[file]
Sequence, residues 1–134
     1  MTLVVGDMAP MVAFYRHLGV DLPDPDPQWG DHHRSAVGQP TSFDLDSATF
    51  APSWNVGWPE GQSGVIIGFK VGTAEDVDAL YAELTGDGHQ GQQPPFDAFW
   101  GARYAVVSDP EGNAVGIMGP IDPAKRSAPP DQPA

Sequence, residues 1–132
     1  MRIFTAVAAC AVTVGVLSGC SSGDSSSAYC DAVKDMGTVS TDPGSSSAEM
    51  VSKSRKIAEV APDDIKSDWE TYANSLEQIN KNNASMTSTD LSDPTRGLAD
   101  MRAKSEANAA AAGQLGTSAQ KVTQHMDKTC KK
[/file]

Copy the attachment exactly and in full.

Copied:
Sequence, residues 1–134
     1  MTLVVGDMAP MVAFYRHLGV DLPDPDPQWG DHHRSAVGQP TSFDLDSATF
    51  APSWNVGWPE GQSGVIIGFK VGTAEDVDAL YAELTGDGHQ GQQPPFDAFW
   101  GARYAVVSDP EGNAVGIMGP IDPAKRSAPP DQPA

Sequence, residues 1–132
     1  MRIFTAVAAC AVTVGVLSGC SSGDSSSAYC DAVKDMGTVS TDPGSSSAEM
    51  VSKSRKIAEV APDDIKSDWE TYANSLEQIN KNNASMTSTD LSDPTRGLAD
   101  MRAKSEANAA AAGQLGTSAQ KVTQHMDKTC KK